Fulmar – Fulmarus glacialis, from the Norse meaning Foul Gull.
The fulmar is a member of the petrel family, also known as tube-bills, and are distantly related to the albatross. They will eat small fish, squid and crustaceans but also carrion, and they are thought to have an incredible sense of smell that enables them to detect rotting flesh and fish oil from up to 15 miles away, a dubious accolade!
The fulmar is designed first and foremost as a seabird, and is extremely well adapted to life on the ocean wave. They have a straight winged, economical, gliding flight, similar to that of the albatross, and it enables them to cover great distances at sea, largely by gliding and expending very little energy. They also have their feet located a long way back on their bodies, where they are ideally placed for taking off from the surface of the water. The downside of this feature is that it makes them very clumsy on land, so they tend to choose very accessible nest sites, making landing marginally easier. This would leave them open to predation; however, the fulmar has overcome this particular problem with a very effective self-defence mechanism in the form of projectile vomiting. They are capable of projecting their stomach contents at any predators foolhardy enough to come within a one metre range. It is a sticky, foul smelling, oily gloop that is virtually impossible to get off fur, feathers, or clothes for that matter. It also contains stomach acid and any predatory bird that finds itself on the receiving end may well be rendered flightless. It won’t be able to clean its feathers and the acidity will also rot them, so it is pretty much game over for the predator.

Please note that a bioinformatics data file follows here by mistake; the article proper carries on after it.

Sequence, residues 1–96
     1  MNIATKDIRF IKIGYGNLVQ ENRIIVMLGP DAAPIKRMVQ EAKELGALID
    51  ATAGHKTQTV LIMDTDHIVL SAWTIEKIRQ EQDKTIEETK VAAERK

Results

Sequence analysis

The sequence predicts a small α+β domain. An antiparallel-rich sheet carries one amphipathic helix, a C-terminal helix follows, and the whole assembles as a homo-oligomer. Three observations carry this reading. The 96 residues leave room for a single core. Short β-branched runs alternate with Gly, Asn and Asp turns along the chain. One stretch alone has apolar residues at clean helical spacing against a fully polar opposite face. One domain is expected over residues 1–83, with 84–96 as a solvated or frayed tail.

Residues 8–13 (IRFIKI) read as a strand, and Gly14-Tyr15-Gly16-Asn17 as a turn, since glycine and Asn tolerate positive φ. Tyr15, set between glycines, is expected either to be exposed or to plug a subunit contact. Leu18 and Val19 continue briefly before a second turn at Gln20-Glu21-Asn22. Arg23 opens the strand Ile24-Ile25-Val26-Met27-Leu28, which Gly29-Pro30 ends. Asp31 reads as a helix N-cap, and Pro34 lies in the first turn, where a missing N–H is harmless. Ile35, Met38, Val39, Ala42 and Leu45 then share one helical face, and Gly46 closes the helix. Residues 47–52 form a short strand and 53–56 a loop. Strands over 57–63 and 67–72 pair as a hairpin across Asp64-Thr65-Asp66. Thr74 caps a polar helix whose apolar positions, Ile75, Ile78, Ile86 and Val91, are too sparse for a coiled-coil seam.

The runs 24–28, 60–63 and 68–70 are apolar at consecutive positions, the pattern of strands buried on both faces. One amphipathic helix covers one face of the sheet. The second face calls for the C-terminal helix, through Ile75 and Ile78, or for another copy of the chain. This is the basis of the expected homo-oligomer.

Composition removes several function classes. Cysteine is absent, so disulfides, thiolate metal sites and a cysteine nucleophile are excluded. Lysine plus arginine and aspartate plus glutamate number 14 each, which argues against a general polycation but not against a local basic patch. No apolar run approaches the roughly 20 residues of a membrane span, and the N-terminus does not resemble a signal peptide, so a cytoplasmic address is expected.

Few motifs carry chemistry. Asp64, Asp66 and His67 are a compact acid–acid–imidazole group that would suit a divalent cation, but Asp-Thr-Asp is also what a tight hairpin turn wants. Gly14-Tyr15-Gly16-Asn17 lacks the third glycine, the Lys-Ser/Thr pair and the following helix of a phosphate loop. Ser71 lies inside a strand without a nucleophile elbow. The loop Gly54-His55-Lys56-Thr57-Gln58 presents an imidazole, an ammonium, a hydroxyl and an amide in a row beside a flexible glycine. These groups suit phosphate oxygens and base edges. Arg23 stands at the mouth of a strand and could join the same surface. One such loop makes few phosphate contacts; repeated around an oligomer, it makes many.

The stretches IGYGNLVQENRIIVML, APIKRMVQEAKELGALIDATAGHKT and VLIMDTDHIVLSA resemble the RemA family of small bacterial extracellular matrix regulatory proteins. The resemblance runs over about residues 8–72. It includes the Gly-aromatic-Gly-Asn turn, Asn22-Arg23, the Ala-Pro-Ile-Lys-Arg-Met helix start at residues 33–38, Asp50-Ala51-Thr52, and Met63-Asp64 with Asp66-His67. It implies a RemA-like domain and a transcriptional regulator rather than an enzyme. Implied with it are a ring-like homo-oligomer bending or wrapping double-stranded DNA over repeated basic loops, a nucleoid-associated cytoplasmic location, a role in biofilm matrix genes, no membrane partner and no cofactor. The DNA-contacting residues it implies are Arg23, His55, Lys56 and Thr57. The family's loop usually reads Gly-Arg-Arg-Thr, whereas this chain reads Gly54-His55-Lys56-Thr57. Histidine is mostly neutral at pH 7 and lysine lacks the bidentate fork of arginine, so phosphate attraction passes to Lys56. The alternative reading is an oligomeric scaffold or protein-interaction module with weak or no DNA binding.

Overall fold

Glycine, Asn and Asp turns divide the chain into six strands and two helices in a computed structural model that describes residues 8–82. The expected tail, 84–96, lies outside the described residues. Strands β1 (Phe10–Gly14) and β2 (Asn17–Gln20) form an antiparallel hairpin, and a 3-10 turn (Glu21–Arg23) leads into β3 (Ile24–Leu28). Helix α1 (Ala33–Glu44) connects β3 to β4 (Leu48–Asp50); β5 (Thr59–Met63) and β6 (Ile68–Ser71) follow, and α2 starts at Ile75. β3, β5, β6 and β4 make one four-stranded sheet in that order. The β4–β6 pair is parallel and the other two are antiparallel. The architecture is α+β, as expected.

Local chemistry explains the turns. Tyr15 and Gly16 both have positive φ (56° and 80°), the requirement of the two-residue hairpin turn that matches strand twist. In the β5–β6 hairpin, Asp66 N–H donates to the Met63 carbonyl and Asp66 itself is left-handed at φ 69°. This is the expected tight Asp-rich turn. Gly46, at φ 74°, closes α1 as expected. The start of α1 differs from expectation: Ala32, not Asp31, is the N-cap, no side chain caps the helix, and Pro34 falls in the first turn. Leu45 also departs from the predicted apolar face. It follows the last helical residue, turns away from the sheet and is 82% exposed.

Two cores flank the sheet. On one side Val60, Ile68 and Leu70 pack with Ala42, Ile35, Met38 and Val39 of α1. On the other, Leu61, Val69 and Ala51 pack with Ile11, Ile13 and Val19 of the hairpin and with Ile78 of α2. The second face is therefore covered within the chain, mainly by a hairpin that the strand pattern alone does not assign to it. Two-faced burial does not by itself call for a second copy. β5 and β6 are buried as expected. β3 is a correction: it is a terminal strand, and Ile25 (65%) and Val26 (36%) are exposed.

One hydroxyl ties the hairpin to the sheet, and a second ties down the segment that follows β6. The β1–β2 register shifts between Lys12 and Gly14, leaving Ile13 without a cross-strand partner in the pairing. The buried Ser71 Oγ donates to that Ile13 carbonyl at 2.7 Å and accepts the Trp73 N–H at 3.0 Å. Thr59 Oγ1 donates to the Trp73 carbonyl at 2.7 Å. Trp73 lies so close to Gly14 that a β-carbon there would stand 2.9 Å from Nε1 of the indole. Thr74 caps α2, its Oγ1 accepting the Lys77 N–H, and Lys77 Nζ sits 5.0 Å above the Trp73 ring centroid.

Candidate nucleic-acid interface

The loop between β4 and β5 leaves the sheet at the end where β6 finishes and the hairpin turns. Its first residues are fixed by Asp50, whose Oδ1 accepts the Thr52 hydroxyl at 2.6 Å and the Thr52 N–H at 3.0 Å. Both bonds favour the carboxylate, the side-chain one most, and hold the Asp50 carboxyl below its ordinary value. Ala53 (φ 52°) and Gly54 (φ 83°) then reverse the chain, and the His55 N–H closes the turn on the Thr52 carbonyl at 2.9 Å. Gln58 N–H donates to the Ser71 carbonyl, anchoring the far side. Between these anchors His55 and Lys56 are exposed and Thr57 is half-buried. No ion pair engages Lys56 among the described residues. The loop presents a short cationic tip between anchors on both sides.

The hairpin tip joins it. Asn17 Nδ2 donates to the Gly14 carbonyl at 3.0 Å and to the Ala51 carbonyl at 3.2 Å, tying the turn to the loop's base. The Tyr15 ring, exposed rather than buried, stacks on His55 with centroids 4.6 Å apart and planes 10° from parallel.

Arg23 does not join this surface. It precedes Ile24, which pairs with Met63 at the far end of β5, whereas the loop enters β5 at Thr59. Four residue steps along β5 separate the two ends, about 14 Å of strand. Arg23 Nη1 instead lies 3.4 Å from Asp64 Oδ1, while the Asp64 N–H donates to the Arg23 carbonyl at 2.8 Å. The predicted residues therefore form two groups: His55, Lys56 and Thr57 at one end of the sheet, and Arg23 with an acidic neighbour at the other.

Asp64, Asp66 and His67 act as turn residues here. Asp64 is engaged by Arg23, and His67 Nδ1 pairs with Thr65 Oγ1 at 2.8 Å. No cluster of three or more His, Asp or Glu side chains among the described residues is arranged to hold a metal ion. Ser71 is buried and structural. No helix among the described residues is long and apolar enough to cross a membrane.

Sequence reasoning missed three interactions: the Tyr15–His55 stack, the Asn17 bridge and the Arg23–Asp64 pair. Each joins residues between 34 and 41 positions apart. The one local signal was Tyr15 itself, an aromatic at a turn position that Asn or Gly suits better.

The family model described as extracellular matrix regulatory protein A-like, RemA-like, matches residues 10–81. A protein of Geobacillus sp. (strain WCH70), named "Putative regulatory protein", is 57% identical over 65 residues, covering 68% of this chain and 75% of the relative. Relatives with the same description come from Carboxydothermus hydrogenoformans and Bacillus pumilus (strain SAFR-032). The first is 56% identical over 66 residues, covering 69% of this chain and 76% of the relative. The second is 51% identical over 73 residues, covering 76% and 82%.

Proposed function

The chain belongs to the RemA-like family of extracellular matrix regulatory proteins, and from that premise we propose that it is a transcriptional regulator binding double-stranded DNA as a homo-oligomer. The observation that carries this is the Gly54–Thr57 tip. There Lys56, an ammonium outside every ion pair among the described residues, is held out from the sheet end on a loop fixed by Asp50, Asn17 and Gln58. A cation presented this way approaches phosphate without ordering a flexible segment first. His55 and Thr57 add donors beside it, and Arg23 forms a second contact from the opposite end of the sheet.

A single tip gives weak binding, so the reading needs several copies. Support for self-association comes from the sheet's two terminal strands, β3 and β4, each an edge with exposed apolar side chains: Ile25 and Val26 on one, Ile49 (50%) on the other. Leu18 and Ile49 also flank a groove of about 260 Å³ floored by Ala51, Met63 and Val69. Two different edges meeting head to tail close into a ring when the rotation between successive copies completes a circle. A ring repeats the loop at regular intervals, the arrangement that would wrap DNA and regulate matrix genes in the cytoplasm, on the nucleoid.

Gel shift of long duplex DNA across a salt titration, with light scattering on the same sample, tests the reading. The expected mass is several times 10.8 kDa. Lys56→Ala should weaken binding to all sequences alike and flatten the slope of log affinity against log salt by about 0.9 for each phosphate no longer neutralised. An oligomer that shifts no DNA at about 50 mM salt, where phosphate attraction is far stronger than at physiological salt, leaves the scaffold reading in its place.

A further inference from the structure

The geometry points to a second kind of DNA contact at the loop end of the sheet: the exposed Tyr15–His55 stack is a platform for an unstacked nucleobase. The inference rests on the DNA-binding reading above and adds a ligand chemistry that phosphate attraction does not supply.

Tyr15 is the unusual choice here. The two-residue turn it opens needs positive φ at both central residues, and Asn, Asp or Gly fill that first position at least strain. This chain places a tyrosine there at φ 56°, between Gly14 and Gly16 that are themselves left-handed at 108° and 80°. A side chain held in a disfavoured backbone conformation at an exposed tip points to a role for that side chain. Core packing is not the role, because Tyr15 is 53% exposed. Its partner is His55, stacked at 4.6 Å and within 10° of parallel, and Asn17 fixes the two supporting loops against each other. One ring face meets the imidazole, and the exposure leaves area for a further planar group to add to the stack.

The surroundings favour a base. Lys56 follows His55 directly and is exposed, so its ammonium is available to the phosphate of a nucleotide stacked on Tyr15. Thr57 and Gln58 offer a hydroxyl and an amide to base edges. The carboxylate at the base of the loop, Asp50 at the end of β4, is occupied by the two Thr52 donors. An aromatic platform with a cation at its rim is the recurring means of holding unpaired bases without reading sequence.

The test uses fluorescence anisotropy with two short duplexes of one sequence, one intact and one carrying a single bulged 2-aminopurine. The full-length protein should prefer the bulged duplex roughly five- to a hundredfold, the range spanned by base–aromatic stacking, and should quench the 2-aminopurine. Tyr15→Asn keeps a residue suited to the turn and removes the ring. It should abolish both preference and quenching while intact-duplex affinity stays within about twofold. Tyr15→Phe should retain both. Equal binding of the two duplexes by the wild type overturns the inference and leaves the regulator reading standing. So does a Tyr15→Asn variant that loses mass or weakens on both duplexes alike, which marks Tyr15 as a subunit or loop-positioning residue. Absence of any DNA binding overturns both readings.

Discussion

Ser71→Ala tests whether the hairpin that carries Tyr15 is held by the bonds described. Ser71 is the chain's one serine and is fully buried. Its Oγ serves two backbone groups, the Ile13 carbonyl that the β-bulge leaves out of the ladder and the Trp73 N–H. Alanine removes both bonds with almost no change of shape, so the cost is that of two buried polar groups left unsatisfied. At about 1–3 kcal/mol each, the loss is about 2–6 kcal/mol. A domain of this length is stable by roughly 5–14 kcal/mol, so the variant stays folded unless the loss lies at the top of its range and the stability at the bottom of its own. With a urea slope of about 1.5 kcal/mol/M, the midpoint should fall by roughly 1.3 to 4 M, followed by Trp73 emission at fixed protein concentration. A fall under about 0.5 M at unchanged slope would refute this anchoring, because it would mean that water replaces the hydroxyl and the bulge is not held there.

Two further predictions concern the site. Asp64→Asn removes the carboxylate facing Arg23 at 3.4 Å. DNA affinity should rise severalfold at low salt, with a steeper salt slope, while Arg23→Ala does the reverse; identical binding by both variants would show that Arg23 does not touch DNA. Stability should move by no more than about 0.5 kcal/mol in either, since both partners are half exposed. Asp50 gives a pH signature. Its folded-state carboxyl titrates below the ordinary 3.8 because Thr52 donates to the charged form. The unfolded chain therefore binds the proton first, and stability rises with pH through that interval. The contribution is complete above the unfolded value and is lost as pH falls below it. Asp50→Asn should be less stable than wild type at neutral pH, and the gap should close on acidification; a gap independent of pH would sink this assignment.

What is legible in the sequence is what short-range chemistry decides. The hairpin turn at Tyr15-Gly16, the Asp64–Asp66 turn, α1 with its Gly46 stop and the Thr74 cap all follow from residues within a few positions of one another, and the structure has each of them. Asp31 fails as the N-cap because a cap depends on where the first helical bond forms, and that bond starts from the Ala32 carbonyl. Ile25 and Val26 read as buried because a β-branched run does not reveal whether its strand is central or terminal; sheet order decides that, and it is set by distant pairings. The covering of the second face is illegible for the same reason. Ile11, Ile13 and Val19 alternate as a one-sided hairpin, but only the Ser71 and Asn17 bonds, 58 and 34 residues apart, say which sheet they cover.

Another interesting adaptation of the fulmar, that enables it to spend long periods at sea, are the twin nasal tubes on its beak which work as an inbuilt desalination plant enabling them to drink seawater. Of our visitors, they have one of the longest breeding seasons, with eggs being laid in May and youngsters not leaving until early September.
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